The new risk screening and triage processes will be complemented by tailored court processes, safety planning and referrals to support services for at risk families.

Measures in the Bill

The Bill will make minor amendments to the Family Law Act in order to support the new risk screening process by protecting information that will be generated through the new risk screening process, and which are based off existing Family Law Act provisions.

The Bill will ensure that information obtained or generated through the risk screening process cannot be disclosed, except in limited circumstances. Important exceptions to this confidentiality will enable disclosure if it is necessary to protect a child from the risk of harm, or to prevent or lessen serious threats to the life, health or property of a person.

These confidentiality provisions are consistent with existing family counselling provisions of the Family Law Act.

The Bill will also ensure that information obtained or generated through the new risk screening process is inadmissible in any court or tribunal. A critical exception would apply where family safety risk screening information or evidence indicates that a child has been abused or is at risk of abuse.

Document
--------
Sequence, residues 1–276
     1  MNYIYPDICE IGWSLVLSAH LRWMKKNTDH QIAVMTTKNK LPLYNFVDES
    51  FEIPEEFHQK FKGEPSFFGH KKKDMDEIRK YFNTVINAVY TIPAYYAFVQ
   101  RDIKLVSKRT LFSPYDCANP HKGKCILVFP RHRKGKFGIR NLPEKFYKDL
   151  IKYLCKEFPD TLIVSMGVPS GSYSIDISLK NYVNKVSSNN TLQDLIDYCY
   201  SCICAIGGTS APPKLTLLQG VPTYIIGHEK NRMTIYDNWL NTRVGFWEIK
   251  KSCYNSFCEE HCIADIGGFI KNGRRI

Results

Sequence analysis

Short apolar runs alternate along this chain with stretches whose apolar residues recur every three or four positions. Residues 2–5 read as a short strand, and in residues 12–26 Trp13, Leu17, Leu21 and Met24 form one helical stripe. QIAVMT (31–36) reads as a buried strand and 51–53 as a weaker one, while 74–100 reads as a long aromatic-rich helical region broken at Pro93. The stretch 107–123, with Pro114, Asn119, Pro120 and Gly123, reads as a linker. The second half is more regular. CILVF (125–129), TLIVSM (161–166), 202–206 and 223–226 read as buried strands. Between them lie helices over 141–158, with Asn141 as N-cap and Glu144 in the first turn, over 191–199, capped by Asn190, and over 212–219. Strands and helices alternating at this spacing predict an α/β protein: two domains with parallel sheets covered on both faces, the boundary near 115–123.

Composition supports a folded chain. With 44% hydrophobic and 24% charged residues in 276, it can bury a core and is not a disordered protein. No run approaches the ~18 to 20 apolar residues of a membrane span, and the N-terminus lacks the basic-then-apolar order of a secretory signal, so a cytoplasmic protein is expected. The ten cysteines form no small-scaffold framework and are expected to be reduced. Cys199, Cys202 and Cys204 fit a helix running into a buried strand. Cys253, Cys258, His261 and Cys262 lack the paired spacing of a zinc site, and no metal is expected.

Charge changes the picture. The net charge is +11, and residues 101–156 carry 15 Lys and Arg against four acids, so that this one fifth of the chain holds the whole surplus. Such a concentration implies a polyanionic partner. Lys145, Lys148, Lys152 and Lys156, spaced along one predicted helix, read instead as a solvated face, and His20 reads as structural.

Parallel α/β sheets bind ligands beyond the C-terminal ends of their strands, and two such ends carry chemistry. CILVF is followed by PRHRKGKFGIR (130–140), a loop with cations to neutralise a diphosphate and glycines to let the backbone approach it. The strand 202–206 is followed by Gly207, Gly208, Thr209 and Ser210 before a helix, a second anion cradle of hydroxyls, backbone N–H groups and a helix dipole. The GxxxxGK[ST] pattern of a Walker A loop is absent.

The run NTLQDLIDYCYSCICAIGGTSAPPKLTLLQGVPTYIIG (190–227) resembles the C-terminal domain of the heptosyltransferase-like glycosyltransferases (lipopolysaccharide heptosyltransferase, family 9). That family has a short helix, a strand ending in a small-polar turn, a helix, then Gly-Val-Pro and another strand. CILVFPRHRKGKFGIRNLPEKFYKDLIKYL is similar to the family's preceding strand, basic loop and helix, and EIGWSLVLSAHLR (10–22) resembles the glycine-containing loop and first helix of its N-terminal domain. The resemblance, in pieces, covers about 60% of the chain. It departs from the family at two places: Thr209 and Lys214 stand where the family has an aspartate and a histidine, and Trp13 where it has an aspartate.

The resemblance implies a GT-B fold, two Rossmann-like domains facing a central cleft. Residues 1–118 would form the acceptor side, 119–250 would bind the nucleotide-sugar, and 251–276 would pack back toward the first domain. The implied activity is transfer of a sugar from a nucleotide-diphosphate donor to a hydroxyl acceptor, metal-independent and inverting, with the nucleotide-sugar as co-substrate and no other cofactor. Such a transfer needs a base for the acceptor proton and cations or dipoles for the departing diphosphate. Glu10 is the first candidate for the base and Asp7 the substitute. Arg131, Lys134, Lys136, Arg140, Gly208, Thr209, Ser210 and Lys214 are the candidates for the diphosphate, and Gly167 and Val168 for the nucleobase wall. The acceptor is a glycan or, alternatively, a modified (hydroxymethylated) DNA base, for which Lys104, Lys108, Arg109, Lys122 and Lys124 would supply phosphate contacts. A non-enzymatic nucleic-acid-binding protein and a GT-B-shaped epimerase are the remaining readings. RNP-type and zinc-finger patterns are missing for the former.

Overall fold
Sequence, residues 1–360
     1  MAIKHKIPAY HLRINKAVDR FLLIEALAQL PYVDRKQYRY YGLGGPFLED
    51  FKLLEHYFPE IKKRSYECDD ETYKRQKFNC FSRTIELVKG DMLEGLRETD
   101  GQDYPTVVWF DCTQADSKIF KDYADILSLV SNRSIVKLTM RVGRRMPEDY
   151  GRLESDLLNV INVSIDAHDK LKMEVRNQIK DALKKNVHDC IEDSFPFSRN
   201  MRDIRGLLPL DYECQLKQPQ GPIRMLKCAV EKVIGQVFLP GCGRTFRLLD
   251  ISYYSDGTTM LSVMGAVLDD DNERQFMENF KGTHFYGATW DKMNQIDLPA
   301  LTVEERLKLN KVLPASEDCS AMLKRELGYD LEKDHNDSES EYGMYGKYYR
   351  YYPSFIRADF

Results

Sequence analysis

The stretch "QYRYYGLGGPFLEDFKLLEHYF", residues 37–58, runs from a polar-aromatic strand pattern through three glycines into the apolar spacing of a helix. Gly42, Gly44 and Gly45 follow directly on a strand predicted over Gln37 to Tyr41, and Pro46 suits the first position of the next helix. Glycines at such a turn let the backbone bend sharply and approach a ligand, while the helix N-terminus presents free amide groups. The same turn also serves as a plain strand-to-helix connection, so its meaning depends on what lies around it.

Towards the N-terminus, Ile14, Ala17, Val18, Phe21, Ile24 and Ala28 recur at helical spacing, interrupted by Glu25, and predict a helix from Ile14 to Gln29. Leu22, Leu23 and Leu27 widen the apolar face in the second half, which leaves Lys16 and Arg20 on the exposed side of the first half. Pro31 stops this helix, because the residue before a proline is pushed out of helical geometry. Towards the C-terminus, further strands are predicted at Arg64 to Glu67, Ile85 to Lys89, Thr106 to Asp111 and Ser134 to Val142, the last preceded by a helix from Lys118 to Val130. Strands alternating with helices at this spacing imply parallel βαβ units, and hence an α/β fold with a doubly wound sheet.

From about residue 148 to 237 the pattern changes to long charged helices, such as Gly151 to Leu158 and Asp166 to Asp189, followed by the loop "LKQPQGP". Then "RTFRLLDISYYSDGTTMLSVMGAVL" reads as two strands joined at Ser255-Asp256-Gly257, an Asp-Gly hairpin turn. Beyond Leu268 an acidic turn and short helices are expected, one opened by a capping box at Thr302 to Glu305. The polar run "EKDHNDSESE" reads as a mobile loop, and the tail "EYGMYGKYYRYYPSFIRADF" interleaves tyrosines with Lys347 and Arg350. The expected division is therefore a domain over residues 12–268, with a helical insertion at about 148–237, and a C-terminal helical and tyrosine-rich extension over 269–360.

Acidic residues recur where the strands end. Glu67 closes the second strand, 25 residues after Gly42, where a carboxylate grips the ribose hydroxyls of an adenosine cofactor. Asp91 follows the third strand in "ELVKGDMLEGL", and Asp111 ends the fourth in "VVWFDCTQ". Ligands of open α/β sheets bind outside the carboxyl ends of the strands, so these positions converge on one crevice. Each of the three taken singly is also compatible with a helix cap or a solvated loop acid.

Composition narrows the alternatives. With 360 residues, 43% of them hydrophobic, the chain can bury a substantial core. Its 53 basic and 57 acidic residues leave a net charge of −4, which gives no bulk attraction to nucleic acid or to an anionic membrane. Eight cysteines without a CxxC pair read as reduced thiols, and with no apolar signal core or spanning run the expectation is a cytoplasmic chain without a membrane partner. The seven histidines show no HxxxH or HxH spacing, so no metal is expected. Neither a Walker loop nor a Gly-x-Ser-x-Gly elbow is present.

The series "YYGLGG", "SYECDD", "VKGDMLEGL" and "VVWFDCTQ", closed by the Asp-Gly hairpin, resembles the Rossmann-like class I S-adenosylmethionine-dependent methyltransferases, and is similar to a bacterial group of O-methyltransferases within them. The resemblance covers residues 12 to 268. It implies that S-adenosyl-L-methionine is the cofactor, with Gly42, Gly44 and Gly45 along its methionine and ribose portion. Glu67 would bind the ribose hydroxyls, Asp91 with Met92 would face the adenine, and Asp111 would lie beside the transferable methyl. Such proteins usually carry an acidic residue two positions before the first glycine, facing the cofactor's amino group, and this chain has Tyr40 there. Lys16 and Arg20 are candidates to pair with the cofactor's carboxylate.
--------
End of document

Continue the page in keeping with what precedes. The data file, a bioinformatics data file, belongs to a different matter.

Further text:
These admissibility provisions are also consistent with existing family counselling provisions of the Family Law Act.

By ensuring the confidentiality and inadmissibility of information obtained through risk screening, the Bill will enable parties to freely and confidently participate in the process. This is especially important for protecting family violence victims in high-risk cases, and for maintaining the accuracy and reliability of the risk screening information used to triage matters.

The confidentiality and inadmissibility protections for risk screening information are also appropriate because the intention is the early identification and management of safety concerns, and provide an appropriate case management pathway for matters, including referring high-risk cases to a dedicated court list. The risk screening information is not intended to serve the same purpose as, or replace, evidence in proceedings, which is provided through usual methods, including the notices of risk that form part of existing practice.

Finally, the Bill will provide immunity for court officials, such as registrars and family counsellors, when undertaking new non-judicial roles as part of the risk screening process.

This immunity reflects the protection currently afforded to family consultants under the Family Law Act. It will support court workers to carry out the new functions involved in risk screening, such as making referrals and triaging matters into case management pathways based on risk screening information.


This Bill will enhance the family law system's approach to risk identification and management and improve outcomes for vulnerable families. It is another example of this Government's continuing commitment to addressing family violence in Australia and to ensuring that the family law system protects victims of family violence.